Hillwalker Teresa Wall, who was injured when she fell on a rotting boardwalk on the Wicklow Way, was yesterday awarded €40,000 damages against the National Parks and Wildlife Service.

In a judgment that will have repercussions for all of Ireland’s national parks, Judge Jacqueline Linnane said Ms Wall had been directed by signs to use the boardwalk which, the court held, was a structure placed on the land by the Parks and Wildlife Service.

Judge Linnane said it was clear from photographs produced in evidence that the boardwalk had been made up of second-hand wooden railway sleepers that were badly rotted, with protruding staples loosely holding down chicken wire.

She told David McParland, counsel for Ms Wall, that reasonable care had not been taken to maintain the boardwalk in a safe condition and this failure was responsible for his client’s injuries, a gash to her right knee which required seven stitches on August 6, 2013.

Kevin D’Arcy, for the State Claims Agency, had earlier told the court that although there had been hundreds of falls over the years by walkers in the country’s various national parks — many resulting in broken bones — Ms Wall’s was the first in which the service had been sued for negligence and breach of duty.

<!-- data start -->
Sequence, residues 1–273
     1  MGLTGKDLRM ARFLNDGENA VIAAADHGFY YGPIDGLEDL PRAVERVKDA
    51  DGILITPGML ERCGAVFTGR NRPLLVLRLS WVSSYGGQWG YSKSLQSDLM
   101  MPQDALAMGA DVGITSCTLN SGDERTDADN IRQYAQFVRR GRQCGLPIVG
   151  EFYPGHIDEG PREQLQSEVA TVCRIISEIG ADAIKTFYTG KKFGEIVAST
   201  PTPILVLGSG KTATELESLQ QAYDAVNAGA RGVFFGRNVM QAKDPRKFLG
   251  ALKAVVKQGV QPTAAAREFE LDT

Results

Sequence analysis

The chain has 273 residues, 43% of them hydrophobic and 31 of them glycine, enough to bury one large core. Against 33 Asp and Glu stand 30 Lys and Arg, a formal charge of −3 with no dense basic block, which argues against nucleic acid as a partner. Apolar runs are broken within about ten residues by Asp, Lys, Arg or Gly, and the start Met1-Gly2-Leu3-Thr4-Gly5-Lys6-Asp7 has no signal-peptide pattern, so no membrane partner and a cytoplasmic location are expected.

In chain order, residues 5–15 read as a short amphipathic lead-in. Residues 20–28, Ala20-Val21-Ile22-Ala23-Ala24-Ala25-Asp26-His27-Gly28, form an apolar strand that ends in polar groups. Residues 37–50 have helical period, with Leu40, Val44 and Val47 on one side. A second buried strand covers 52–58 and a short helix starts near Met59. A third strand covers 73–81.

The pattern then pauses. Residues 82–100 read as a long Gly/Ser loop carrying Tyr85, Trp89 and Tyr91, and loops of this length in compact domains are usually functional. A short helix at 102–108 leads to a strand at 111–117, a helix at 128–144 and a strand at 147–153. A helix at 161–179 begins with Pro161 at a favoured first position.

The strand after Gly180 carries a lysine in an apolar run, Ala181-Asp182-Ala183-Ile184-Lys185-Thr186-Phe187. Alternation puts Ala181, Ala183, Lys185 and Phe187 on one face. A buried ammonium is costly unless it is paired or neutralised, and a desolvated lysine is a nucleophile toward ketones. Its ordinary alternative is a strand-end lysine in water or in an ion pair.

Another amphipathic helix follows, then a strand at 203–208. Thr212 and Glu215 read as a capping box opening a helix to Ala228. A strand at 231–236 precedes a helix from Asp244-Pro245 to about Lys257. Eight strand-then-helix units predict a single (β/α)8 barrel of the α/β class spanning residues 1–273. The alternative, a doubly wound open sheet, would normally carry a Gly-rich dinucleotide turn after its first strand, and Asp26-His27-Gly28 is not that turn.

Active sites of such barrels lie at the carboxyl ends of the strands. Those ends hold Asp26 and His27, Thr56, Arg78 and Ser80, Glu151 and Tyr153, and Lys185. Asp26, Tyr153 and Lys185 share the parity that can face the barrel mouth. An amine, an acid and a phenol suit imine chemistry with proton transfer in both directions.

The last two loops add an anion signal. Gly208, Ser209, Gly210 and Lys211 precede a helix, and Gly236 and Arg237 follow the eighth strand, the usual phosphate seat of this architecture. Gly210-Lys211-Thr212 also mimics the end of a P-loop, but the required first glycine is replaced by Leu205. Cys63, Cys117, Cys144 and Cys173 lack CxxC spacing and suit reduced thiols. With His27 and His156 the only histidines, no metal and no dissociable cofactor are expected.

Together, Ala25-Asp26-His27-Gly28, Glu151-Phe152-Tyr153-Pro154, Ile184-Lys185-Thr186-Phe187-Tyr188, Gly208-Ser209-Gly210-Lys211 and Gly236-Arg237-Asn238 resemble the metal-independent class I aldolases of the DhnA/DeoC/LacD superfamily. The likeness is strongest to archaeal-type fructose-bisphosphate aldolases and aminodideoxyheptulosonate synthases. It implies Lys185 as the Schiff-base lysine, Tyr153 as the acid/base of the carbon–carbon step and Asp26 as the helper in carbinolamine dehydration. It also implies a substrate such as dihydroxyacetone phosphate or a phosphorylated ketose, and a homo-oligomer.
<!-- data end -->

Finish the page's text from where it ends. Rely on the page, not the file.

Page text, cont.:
The 59-year-old housewife, of Rathingle Cottages, Swords, Co Dublin told the court she had climbed in the Himalayas and to Everest base camp and could no longer hill climb or run marathons. She had been walking for 40 years and had walked “all around the world.”

Mr McParland said the wooden walkway constituted “a structure” and the Occupiers Liability Act imposed a much higher duty of care on the Parks and Wildlife Service in the maintenance and management of such a development.

Mr D’Arcy had argued that Ms Wall had voluntarily participated in a unique rugged sporting activity of known reasonable risks and that the Parks Service was entitled to rely on the doctrine of volente non fit injuria (no wrong is done to one who consents).

Judge Linnane said Ms Wall was a very experienced and keen hillwalker and very fit. On the day, she was wearing appropriate clothes, walking boots and walking sticks. The judge said there had been no contributory negligence on Ms Wall’s part.


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